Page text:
Now I don’t recommend that anyone should approach a new job search or indeed career advancement in a similar fashion to how one might buy a used car. But there are some parallels. Firstly, when you’re actively seeking a new job, it can be a lot like searching for a new car as you’re constantly researching the job, the sector and the options on view. When you’re interviewing, you have to question each employer on the merits of their prospective job/company before you can make an informed judgement on the opportunity. After the fifth interview in a week, the questions you asked and the answers given can all seem to merge and fade. You’d be forgiven for losing the willpower to keep going but I believe that it’s all part of the process. In the end when you do accept the job you ultimately wanted, you will reflect and realise that all of the other interviews and companies you spoke with were a part of the journey to get to where you ultimately wanted to be. But it can be healthy to take a step back in the middle of that process and examine your methodology and the results it has achieved.
I do think that it can be beneficial to step away from the process temporarily and to examine and review your priorities. What you set out to achieve in terms of finding a new job/hire may not necessarily be where you ultimately arrive. There can be several twists and turns in any job search and often we can be guilty of blinkered thinking when it comes to finding the perfect role. The reality is that there is NO PERFECT ROLE/CANDIDATE, only what seems perfect to you and this might be the complete opposite of what another candidate/employer might want or desire. Success in any form can mean different things to different people. For some candidates it could just be finding a better job in the same industry, with better remuneration, working hours and benefits. For others it could be finding a new job in a completely different sector and successfully transferring their skills across and stretching themselves in a new direction. For an employer, success might be finding a particularly difficult to source skillset that they’d given up hope of ever finding or seeing that new starter turn into their best performer.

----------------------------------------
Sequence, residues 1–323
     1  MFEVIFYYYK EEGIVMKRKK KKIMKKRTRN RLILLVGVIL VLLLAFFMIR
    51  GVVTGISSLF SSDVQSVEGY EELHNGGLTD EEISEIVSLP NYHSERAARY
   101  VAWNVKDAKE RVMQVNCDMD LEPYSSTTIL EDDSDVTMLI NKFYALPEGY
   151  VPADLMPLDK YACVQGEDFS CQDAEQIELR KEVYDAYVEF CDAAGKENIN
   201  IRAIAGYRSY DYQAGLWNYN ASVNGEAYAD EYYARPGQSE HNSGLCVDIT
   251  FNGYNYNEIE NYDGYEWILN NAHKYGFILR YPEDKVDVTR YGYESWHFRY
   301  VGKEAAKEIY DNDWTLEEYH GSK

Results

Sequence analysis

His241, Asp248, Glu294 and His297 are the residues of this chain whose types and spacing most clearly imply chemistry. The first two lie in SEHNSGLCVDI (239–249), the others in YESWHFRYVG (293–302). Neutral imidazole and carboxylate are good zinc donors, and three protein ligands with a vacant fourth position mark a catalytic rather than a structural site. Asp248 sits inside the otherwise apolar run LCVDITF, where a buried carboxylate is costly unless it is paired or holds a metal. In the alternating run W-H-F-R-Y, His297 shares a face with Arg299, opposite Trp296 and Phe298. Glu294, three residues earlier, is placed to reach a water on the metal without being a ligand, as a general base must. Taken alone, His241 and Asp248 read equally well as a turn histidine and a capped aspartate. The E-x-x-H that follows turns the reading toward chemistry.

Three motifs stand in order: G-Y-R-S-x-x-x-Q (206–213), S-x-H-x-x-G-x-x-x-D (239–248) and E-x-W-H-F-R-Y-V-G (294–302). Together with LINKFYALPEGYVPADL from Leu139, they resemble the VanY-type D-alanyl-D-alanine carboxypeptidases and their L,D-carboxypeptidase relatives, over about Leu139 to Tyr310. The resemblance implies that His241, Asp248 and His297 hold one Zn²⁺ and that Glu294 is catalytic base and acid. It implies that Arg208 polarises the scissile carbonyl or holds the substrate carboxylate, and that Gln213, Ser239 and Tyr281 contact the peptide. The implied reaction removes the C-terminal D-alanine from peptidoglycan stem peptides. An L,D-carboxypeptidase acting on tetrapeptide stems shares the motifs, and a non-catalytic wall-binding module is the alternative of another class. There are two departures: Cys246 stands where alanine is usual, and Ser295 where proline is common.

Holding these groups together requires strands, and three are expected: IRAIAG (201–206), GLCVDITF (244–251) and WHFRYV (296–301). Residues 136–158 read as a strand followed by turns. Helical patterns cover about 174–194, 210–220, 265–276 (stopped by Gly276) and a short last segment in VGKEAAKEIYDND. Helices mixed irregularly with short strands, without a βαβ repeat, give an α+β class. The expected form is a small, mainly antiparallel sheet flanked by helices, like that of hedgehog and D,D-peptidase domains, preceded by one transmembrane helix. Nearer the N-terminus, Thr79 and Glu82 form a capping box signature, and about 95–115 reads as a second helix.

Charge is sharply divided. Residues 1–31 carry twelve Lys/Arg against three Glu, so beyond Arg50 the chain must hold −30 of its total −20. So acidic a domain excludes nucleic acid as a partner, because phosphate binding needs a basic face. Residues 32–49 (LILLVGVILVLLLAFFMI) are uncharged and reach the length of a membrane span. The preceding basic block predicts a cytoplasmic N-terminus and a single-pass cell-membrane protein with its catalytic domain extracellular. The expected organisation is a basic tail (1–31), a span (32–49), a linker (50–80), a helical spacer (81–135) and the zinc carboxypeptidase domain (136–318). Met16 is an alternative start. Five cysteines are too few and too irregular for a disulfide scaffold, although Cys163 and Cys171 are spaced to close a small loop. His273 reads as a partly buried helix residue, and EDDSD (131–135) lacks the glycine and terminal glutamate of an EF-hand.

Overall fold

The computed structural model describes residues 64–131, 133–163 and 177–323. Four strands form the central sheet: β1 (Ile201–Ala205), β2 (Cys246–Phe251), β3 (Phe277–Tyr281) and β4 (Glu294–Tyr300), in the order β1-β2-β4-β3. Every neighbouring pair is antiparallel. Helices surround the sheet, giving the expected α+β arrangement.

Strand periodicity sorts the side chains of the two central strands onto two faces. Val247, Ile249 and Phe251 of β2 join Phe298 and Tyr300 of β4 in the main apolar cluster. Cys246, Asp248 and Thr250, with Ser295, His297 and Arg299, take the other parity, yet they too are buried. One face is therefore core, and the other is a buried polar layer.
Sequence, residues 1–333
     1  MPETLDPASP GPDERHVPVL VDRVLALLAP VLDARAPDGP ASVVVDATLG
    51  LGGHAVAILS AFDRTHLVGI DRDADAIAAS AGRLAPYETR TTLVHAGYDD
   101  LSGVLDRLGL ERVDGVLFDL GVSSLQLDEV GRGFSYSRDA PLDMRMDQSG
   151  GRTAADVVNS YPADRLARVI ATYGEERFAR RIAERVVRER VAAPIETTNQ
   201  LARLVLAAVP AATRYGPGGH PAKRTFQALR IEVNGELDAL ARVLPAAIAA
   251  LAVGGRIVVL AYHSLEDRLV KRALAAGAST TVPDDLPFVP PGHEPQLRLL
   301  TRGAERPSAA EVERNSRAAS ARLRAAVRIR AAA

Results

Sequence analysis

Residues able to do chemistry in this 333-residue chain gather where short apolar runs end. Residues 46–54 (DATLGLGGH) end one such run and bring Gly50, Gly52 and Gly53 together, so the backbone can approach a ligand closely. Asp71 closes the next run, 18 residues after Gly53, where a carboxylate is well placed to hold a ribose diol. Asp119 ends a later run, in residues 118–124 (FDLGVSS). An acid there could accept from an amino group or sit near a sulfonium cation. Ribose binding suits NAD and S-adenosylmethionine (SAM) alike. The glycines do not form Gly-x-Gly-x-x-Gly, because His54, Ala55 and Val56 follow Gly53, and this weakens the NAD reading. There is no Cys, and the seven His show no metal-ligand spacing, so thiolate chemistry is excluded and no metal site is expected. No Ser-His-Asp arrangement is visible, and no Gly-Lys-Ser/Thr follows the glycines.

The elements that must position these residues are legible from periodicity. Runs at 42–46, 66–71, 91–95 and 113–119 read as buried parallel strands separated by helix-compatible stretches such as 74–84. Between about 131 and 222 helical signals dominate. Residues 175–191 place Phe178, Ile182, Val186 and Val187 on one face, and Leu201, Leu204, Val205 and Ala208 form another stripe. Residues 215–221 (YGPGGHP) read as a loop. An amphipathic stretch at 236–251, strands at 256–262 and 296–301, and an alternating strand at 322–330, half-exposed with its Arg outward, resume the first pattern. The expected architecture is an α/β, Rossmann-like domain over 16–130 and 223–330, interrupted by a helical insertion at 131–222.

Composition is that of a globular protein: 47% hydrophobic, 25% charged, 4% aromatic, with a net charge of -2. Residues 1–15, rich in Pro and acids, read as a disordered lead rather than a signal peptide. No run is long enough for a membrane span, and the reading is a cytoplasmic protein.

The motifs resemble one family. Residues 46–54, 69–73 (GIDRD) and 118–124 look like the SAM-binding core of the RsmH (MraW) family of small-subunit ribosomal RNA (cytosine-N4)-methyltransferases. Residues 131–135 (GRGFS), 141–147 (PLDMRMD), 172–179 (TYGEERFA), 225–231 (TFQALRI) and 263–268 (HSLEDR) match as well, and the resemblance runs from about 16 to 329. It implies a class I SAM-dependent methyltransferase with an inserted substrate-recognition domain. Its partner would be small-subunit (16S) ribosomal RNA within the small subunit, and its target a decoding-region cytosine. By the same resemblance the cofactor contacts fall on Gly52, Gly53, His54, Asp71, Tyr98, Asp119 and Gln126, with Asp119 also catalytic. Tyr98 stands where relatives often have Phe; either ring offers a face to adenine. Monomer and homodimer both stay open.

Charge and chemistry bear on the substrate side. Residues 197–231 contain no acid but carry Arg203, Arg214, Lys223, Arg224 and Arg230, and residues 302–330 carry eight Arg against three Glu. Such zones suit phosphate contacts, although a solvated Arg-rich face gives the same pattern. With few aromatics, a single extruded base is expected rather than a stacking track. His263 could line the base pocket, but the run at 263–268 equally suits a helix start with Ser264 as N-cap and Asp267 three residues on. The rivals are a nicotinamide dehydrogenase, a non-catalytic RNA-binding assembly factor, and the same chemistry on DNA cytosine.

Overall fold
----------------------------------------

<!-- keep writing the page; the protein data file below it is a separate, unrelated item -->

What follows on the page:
But the sweetest success of all is when you least expect that outcome, when you’ve metaphorically walked away from it and moved onto something else. Luckily in the daily life of a busy recruiter, there’s always something else to move onto and I often find that by ignoring a challenging task for a little while, I allow my subconscious to provide the solution. The very candidate or job that I’ve spent hours seeking or trying to fill is suddenly there in front of me and it feels as though the planets have aligned correctly. Now the reality may be that some of that outcome could be as a result of my endeavours, but I firmly believe in leaving it to breathe (like a good wine), thus allowing my subconscious the room to process the puzzle and provide the solution.
So are you finding your next great hire challenging to source? Or are you seeking a better job and finding a scarcity of opportunities? Why not just “give up” on the task at hand and give it and yourself some space to breathe? If you’re still seeking that successful outcome after a couple of days, don’t give up. Why not call/email Campbell Rochford instead and allow us to provide you with some new ideas and a fresh perspective on the market?
Campbell Rochford – Turning Good To Great!